The Simple Path to Strengths-Based Well-Being: Do a Kindness

kindness | VIA strengths | PERMA | Theory of Well-BeingI was lost in the weekly after church dilemma – oatmeal raisin or white chocolate cranberry – when he sidled up beside me, linked his arm in mine and got so close, well, let’s just say we have different ideas about personal space.

“Did you hear about the little girl who sang for the Pope and the letter he wrote to her?” he asked.

Uh, no. Is this the set-up for a joke? Wait, I read something about a fourth grader who sang on Memorial Day in our little town and an anonymous veteran who sent a thank you letter to the local paper. And how does the Pope figure into a conversation at the snack table in this very Methodist church. And who is this guy, anyway? Why haven’t I noticed him before in the thirteen years I’ve been singing here?

He continued before my thoughts were fully formed.

“He told her that her singing was a blessing to him. You’re that girl to me.”

Once again, my brain processed faster than my voice, thinking how odd that he’d say this on a day I hadn’t sung a solo, not a single note by myself. Had he confused me with someone else?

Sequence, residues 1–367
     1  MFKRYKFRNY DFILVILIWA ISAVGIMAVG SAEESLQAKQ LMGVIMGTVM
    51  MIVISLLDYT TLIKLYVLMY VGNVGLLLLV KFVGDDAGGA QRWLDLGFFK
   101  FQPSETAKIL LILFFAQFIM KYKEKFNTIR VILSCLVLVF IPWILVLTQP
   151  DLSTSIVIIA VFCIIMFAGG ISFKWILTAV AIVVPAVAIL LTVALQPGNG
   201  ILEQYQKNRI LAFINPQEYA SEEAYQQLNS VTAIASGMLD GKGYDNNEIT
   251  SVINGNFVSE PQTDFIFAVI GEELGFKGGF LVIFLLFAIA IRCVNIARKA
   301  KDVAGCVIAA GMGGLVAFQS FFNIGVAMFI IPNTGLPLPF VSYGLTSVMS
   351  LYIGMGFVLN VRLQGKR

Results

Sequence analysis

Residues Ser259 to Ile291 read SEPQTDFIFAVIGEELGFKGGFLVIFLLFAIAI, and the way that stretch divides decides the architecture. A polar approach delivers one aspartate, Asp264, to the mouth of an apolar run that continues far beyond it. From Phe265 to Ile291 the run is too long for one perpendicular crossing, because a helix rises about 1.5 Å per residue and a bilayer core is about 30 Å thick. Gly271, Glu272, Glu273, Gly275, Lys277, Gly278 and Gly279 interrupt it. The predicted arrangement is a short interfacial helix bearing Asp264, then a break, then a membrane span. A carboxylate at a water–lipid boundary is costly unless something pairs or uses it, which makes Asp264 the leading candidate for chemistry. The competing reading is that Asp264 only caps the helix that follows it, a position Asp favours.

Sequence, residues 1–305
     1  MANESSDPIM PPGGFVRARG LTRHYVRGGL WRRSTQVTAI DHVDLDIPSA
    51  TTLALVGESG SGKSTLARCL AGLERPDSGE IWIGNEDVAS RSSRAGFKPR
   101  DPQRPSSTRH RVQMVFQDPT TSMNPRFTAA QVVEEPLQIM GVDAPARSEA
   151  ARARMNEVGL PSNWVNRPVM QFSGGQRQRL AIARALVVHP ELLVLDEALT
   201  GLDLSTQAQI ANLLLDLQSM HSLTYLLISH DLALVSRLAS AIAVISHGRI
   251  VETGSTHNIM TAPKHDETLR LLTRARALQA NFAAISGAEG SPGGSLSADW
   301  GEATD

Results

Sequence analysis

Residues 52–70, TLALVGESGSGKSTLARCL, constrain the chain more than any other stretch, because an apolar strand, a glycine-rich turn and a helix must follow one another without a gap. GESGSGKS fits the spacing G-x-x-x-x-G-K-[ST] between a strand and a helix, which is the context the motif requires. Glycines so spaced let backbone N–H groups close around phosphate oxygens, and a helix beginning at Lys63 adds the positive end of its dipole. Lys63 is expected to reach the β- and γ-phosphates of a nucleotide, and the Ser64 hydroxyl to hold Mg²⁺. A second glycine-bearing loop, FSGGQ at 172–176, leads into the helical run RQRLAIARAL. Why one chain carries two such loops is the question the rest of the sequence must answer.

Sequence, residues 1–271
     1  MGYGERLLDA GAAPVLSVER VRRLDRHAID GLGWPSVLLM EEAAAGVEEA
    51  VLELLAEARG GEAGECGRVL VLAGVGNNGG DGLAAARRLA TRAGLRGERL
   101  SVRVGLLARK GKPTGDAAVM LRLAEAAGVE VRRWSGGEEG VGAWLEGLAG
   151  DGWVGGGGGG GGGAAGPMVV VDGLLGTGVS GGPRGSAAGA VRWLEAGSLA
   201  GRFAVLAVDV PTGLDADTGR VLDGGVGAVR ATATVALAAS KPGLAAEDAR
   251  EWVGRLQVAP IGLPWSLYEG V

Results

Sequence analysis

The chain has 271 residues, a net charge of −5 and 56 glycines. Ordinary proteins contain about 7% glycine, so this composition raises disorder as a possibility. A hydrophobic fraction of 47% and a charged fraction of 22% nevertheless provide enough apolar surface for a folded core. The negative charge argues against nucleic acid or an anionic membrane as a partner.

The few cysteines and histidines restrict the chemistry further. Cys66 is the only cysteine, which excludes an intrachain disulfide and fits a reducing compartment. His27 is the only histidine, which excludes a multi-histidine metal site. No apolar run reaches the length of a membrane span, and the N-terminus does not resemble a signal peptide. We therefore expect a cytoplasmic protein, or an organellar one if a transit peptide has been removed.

“I love to sing” was all I could blurt.

“It shows, and I really appreciate it.”

I remembered my manners. Finally.

“Thank you.”

After chatting for a few more moments, we went our separate ways.

“ . . . we scientists have found that doing a kindness produces the single most reliable momentary increase in well-being of any exercise we have tested.”

Martin Seligman, Flourish

Agreed. Except for the “momentary” part.

Maybe it’s because I have this tendency to over think even the simplest things.

Or because I’d been struggling for ages with how to write about all of those “other” VIA Strengths, the ones that aren’t among my top five Signature Strengths, like, oh, say, kindness.

Or the way I’d been going in circles to find the best way to show others how to harness the power of the PERMA, the Theory of Well-Being in my writing, coaching and teaching.

Whatever the reasons, this brief, simple, heartfelt exchange is still boosting my well-being, days later.

It’s so simple really.

Do a kindness.

What kindness will you do today?

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3 thoughts on “The Simple Path to Strengths-Based Well-Being: Do a Kindness

  1. I remember some years ago being in a Boston Market. The person working behind the counter was “grumpy” – I said to her “you look like you’re a bit tired” – She completely changed and said “I’m working a 2nd shift and I’m missing my kids at home – so I am really tired.” It was amazing the change in her once someone cared.

  2. I used to sing a lot in church. This story was really touching to me. It’s a tender day at my house. I could taste the cookies. Sometimes you just don’t know how meaningful a story is. Thanks for telling it.

    1. Glad it spoke to you. 🙂

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